Shifting Sands in the House of Saud with a King’s Declining Health: The Hill
By: Simon Henderson
Is the ailing Saudi King Salman about to die and be replaced by his controversial son, Crown Prince Mohammad bin Salman, aka MbS? The monarch is hospitalized in Riyadh, suffering from an inflamed gall bladder. That’s not normally life-threatening but the energy world is abuzz with rumor; after all, the kingdom is the world’s largest petroleum exporter and any disruption in Saudi oil flows is a big deal.
Why should there be any change in Saudi oil exports? Because a transition in power may be challenged from within the Saudi royal family, the House of Saud. Since Salman, now 84, came to the throne in 2015, he has devolved power steadily to MbS, his favorite son. The 34-year-old prince is minister of defense and, since 2017, has been heir apparent. (The previous crown prince, his elder cousin Muhammad bin Nayef — known as MbN — was “persuaded” to step down in favor of MbS.)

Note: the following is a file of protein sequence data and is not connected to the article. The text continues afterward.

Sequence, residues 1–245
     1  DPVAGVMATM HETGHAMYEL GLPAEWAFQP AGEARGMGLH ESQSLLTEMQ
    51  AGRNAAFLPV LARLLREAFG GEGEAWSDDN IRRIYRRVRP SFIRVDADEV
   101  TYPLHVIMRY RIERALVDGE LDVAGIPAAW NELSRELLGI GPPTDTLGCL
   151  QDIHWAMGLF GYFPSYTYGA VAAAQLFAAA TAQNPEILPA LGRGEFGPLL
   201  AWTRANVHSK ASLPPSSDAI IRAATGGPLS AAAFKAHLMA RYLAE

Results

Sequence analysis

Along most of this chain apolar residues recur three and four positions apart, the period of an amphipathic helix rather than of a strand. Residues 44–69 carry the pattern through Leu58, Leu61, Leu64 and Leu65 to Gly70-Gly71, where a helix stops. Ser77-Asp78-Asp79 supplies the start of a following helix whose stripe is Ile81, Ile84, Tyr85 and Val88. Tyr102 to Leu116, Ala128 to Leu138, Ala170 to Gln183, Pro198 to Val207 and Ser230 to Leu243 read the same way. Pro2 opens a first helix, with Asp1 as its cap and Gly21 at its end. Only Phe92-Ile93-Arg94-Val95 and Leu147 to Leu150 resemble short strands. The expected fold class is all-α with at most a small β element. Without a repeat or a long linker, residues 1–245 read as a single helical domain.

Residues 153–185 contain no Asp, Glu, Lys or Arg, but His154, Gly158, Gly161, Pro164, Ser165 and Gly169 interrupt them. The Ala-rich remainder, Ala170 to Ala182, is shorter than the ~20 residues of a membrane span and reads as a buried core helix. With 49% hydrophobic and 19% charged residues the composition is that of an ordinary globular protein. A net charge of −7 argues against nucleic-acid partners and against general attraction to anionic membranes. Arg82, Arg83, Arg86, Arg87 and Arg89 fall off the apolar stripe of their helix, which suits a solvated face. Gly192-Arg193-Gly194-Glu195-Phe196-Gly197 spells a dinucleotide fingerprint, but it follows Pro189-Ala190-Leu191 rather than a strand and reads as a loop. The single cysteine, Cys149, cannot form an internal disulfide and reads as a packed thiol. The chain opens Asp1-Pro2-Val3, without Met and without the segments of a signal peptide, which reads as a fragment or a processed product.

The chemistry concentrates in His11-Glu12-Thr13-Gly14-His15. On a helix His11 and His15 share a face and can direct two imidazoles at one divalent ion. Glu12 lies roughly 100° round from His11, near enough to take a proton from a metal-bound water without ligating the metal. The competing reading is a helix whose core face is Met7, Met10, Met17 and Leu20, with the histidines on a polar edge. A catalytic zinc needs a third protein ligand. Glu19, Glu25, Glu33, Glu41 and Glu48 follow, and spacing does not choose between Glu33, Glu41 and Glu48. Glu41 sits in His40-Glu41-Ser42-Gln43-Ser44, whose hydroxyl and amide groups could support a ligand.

MbS is an iconoclast and proud of it. Perhaps many of the royal family actually may be scared of him, some having experienced detention in the Riyadh Ritz Carlton three years ago until they agreed to hand over hundreds of millions of dollars in assets, allegedly obtained by corruption. The tough style of MbS, who has a $550 million ocean-going yacht and a $300 million French chateau in his own portfolio, has been burnished since then by his imprisonment of anyone whom he deems a critic. (Some writers would have written “imprisonment or worse,” although MbS denies actually ordering the killing of exiled critic and Washington Post op-ed writer Jamal Khashoggi in Istanbul nearly two years ago.)
Curiously, despite his self-evident power, MbS seems almost paranoid of opposition to him. Earlier this year, elder-cousin MbN was taken from palace arrest to a prison even though, at best, the former crown prince — who has suffered at least one heart attack — is a mere figurehead for other potentially rebellious Saudi princes.
King Salman may not be on his deathbed, but MbS is renowned for not wanting to waste an opportunity.
Source: The Hill